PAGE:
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# Vector Recycling in R

## Contents

###### Fundamentals of R

## The course is part of this learning path

**Course Description**

This module introduces you to the some of the basic data structures that can be used in R.

**Learning Objectives**

The objectives of this module are to provide you with an understanding of:

- What a vector is in R
- How to create a sequence
- How to create a vector using a repetition
- How to pull elements out of vectors
- Vectorised operations
- Logical comparisons
- Strings in R
- Undefined situations in mathematics
- 0, NA, NaN, and Null

**Intended Audience**

Aimed at all who wish to learn the R programming language.

**Pre-requisites**

No prior knowledge of R is assumed.

Delegates should already be familiar with basic programming concepts such as variables, scope, and functions.

Experience of another scripting language such as Python or Perl would be an advantage.

Having an understanding of mathematical concepts will be beneficial.

**Feedback**

We welcome all feedback and suggestions - please contact us at qa.elearningadmin@qa.com to let us know what you think.

When multiplying one vector by another, we see a vectorised operation occurring. But what happens when, we've run out of elements to consider. For example, if I was to use a flip flop vector of two, of length two. This doesn't really make sense mathematically.

Whereas, where if I wrote this out by pen and paper, each vector would have to have the same length and here, we have a length of six and in the flip flip vector, we have a length of two. Yet in R, this does make sense. Why does the above multiplication make sense? The two elements of flip flop are reused or recycled when multiplying by prices. That is to say, we take the first pair, six and five and then we repeat with the second pair, three and four. And then we repeat again with the final pair, two and a one. The small vector is repeated to the needed length of the larger vector.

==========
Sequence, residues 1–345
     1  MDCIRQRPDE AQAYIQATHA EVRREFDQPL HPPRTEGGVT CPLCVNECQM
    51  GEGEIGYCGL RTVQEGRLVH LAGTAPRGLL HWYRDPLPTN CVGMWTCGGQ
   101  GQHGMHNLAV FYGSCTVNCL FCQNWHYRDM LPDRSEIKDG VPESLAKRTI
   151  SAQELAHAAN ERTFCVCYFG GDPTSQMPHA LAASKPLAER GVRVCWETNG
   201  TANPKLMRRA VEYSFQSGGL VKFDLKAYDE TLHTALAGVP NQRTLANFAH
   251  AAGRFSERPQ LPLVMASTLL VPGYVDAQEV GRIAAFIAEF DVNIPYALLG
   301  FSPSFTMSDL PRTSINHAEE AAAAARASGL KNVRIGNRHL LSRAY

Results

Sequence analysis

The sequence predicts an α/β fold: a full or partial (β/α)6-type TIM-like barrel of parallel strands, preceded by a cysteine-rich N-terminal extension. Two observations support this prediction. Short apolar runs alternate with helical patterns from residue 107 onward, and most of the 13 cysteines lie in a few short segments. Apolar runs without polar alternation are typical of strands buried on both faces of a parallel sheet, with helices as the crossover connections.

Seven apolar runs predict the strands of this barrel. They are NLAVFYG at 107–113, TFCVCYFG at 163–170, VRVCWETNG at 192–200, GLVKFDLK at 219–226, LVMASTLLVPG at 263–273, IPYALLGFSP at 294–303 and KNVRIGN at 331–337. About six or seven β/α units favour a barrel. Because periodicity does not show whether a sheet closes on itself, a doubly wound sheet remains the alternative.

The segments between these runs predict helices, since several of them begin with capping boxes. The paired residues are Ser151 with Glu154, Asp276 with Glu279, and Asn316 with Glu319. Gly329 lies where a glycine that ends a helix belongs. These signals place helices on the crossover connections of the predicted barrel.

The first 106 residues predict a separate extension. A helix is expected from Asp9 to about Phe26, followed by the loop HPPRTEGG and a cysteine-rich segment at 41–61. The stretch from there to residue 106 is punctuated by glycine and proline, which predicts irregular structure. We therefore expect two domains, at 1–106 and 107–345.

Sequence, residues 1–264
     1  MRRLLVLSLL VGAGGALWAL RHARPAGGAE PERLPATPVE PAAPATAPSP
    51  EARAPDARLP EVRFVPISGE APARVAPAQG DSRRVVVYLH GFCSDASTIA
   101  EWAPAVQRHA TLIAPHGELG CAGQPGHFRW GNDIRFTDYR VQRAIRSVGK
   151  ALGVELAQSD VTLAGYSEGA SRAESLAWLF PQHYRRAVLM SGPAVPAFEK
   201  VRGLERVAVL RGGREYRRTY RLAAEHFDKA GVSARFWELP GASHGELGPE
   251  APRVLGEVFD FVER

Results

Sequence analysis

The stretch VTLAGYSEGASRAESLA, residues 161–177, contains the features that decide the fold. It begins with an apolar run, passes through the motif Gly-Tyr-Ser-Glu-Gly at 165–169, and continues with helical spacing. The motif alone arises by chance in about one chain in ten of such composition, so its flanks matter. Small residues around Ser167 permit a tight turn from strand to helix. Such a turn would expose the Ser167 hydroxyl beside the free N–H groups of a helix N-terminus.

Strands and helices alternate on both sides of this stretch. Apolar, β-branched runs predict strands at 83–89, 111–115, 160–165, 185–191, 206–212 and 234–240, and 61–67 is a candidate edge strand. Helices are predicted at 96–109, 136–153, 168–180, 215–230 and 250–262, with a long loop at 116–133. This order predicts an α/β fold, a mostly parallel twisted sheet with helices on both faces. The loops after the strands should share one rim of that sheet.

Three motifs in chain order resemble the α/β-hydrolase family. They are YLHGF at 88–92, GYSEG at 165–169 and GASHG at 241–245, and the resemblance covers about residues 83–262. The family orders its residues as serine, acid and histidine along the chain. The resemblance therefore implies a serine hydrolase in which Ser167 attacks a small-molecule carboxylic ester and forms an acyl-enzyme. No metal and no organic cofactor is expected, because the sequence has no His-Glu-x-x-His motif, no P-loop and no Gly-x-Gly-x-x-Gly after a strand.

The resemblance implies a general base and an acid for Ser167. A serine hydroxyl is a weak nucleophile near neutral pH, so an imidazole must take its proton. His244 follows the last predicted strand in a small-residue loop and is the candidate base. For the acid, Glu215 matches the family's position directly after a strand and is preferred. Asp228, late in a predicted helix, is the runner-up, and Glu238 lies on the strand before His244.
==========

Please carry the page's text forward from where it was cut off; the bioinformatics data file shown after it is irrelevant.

To explain what's going on behind the scenes, let's consider the length of prices, let's consider the length of flip flip, let's consider the division of the larger one by the smaller one and what we needed to repeat, in order to ensure that flip flop became the same length as prices. Now behind the scenes of our initial multiplication of our two vectors, this is what's going on behind the scenes. Where does vector recycling fail? If, for example, the longer object was not a multiple of the shorter object length. For example, if I was to try prices multiplied by this vector of four, we'd return a warning on the screen.

Kunal has worked with data for most of his career, ranging from diffusion markov chain processes to migrating reporting platforms.

Kunal has helped clients with early stage engagement and formed multi week training programme curriculum.

Kunal has a passion for statistics and data; he has delivered training relating to Hypothesis Testing, Exploring Data, Machine Learning Algorithms, and the Theory of Visualisation.

Data Scientist at a credit management company; applied statistical analysis to distressed portfolios.

Business Data Analyst at an investment bank; project to overhaul the legacy reporting and analytics platform.

Statistician within the Government Statistical Service; quantitative analysis and publishing statistical findings of emerging levels of council tax data.

Structured Credit Product Control at an investment bank; developing, maintaining, and deploying a PnL platform for the CVA Hedging trading desk.